No, that's how USB used to work, you see, there are two kinds of USB host controllers, UHCI/OHCI and EHCI of which the latter offer full bandwidth to pair of ports and this is how USB 3.0 is designed. With UHCI the bandwidth is shared between all ports in the system, which is a crappy solution. AMD's 800-series of southbridges features no less than three EHCI controllers which allows for six ports of near enough full speed bandwidth. USB 3.0 also uses EHCI as otherwise you'd get crap performance. So no, it's not how USB works any more.
This is also the standard that Intel controls, also referred to as xHCI and this is what Intel doesn't want to move from revision 0.9x to 1.0 as then Intel would have to implement USB 3.0 into its chipsets.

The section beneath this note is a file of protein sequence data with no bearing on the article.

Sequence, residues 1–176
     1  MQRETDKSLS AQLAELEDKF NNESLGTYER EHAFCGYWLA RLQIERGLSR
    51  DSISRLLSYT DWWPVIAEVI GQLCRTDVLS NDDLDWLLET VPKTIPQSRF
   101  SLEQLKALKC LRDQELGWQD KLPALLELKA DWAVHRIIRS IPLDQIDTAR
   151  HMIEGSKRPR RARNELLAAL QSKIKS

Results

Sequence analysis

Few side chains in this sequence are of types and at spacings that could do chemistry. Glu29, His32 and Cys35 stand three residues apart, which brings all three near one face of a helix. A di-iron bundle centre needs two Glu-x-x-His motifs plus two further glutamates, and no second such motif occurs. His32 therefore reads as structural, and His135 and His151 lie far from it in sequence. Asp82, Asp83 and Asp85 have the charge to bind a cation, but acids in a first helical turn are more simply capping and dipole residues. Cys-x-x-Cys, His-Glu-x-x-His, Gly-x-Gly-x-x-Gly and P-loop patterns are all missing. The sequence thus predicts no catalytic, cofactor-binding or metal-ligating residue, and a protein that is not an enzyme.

As such you need a lot more bandwidth available per pair of USB 3.0 ports than you claim, in fact, each EHCI pair requires the full 5Gbps worth of bandwidth. This is also why it's so hard to implement USB 3.0, not counting the physical board implementation, as a single lane of PCI Express gen 1 bandwidth isn't enough. As I said, I very much doubt we'll see more ports, although four shouldn't really be a problem for AMD, especially as Renesas and TI are already working on solutions for this and VIA allegedly has a solution ready...
Forgot to say that USB 3.0 also has much better data routing than USB 2.0, as in it's more like a smart switch than a dumb hub in terms of getting the right bits to the right place as fast as possible.
Last edited by TheLostSwede; Jul 28, 2010 at 08:03 PM.